Paradox of thrift

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Updated: Aug 20, 2021

The argument that a rise in the ex ante propensity to save, that is, the share of incomes that people want to save, may not increase the ex post level of savings and investment in the economy, which may even decrease. The basis of the argument is that in a depressed economy attempts to save more from present incomes reduce consumption and thus output income levels. The fall in incomes then discourages investment, so that ex post savings and investment actually fall: this is the paradox of thrift. The opposing argument says that in a prosperous economy, at any given income level, having more savings available makes it either easier or cheaper to borrow to finance investment; the fall in consumption thus ‘crowds in’ investment, so that ex post incomes are unchanged and savings and investment rise. The arguments for and against the paradox of thrift each appear to be capable of being correct in some circumstances; which actually applies in any particular situation is a matter of fact.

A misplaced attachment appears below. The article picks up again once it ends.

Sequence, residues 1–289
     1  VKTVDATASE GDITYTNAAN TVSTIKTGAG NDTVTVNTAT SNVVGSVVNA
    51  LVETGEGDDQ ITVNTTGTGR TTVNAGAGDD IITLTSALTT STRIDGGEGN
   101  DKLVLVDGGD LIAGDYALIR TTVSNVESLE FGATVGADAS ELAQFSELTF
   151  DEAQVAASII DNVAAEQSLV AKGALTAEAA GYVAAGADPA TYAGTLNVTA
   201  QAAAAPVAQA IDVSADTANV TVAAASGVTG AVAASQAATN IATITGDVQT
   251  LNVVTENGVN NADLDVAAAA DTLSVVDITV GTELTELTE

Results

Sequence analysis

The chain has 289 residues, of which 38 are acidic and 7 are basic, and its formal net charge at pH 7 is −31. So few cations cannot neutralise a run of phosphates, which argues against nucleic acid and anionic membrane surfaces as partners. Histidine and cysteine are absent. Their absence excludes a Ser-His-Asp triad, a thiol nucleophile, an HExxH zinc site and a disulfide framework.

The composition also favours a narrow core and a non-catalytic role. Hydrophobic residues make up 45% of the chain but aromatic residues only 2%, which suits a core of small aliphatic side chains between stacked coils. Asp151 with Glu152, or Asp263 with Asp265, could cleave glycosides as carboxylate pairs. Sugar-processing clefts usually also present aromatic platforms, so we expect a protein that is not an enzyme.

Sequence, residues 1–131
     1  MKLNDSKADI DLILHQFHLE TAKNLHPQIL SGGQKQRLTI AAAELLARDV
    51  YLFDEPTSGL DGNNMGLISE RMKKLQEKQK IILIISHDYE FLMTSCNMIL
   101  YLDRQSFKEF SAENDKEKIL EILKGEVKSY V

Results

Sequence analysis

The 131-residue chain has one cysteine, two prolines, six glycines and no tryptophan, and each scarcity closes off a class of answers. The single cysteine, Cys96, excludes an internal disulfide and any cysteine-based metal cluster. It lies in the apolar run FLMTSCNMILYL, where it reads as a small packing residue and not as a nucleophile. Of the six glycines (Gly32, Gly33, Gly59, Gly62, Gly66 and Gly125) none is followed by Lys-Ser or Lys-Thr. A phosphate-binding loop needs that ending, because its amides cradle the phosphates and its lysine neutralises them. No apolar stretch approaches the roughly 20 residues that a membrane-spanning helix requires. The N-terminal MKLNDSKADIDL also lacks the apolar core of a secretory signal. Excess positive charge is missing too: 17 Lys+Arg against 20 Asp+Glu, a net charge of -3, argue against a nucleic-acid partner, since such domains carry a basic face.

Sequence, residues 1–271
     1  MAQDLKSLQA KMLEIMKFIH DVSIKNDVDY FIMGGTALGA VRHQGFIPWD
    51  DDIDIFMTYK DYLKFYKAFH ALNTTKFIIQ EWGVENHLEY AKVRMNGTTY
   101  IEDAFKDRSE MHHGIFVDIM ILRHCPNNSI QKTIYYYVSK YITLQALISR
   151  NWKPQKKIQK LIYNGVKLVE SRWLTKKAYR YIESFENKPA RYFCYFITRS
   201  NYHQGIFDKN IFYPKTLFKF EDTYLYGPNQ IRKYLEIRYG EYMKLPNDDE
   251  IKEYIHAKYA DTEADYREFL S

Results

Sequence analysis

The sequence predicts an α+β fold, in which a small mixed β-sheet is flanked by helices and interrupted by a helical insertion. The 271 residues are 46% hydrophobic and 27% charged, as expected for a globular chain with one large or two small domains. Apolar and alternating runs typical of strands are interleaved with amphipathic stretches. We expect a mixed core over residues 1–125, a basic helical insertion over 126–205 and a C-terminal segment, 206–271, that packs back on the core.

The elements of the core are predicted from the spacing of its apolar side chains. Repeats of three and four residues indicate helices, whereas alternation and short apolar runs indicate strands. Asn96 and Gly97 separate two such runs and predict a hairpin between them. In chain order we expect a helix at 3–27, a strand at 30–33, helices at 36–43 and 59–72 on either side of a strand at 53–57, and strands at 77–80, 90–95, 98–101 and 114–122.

Reference: Oxford Press Dictonary of Economics, 5th edt.



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James Knight
Editor of Education
James is the Editor of Education for Invezz, where he covers topics from across the financial world, from the stock market, to cryptocurrency, to macroeconomic markets.... read more.